For some time now I have fought an internal battle against a horrifying thought. A thought that can wreck my entire day if I let my mind run free with it. A thought that I suspect plagues many believers. It’s a simple yet important question: How do I know that I’m really saved?
For as long as I can remember, I have been in church. And more than just attending, my family was always very active in our church. My mom always made sure we were a part of every Sunday school, midweek service, Royal Rangers (it’s basically like Boy Scouts, but not nearly as impressive on a college application), VBS, etc. If there was something going on at church, we were there. I attended youth conferences, I went to camp, I did all of the things that the good Christian kids did. There were several times throughout my childhood where I responded to a call to salvation, and several more during my teenage years where I came to the altar to rededicate my life to Christ. My desire was always to be a follower of Christ. All of those times I made my way up to the altar, it wasn’t because it “didn’t stick” the time before, it was because at the time, I didn’t fully understand the Gospel, or what that act of responding to the altar call actually meant.
When I moved off to college, my church attendance halted. However, I got married my freshman year, and my wife and I went back to the church I had previously attended. We weren’t there for very long before the roots of my upbringing took hold, and I again found myself deeply involved with the church. After just a couple months of attendance, I began serving in the media ministry, after about a year of that I became more or less the media director. Four years later I looked up and I was involved in nearly every aspect of the operations of the church in one way or another. I loved every second of it. But throughout that time, every now and then, the thought would pop into my head: Am I really saved?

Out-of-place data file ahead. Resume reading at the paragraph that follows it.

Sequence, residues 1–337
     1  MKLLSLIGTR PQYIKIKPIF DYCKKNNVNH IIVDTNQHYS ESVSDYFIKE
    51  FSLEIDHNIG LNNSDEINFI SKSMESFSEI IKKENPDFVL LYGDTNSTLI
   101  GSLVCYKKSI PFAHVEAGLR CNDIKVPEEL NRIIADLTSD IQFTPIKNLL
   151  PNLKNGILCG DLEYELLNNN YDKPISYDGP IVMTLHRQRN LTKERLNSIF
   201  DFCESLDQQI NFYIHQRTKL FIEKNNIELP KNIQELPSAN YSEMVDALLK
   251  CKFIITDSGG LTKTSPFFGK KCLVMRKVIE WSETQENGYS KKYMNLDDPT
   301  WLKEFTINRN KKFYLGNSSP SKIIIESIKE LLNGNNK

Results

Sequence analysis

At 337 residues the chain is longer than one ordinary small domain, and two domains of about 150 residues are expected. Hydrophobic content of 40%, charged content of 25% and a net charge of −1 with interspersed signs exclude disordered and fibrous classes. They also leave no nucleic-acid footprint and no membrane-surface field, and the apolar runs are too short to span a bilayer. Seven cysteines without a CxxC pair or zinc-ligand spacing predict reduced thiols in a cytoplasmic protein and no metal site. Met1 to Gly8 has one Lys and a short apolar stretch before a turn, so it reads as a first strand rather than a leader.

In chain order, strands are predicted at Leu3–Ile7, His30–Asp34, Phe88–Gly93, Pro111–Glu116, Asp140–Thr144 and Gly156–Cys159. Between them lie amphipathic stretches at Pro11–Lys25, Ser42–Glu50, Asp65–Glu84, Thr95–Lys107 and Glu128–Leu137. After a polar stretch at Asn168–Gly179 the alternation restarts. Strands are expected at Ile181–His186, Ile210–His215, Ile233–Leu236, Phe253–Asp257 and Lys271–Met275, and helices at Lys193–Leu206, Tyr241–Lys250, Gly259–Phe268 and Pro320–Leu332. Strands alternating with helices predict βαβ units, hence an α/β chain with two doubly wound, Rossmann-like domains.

In May of 2018, God called my family and I to join the CHBC family. Pastor Mike rightly recommended that I take some time to rest in God’s Word, enjoy the services with my wife, and to just be a member for a while and experience the side of church that I hadn’t been a part of for so long. It was a much needed time that really helped me change some things in my personal walk, including dealing with the question of my salvation once and for all.
As I reflected on the years I have spent in church and serving in various ministries, I thought back to all of the awesome people I have encountered, all of the awesome works I have seen God do, and all of the absolutely incredible stories of redemption I have heard. It was in this context that the thought of my own salvation started to weigh on me. Drugs, alcohol, depression, promiscuity, and so on—all these horrible things I saw people being delivered from were never themes in my own life. I had a safe, sheltered, and carefree childhood. To make matters worse, I was surrounded by people who could rattle off their “spiritual birthday” with little effort, while I had to think back and quizzically say, “I think it was probably at church camp, maybe during Sunday school? I was 6 or maybe 10?”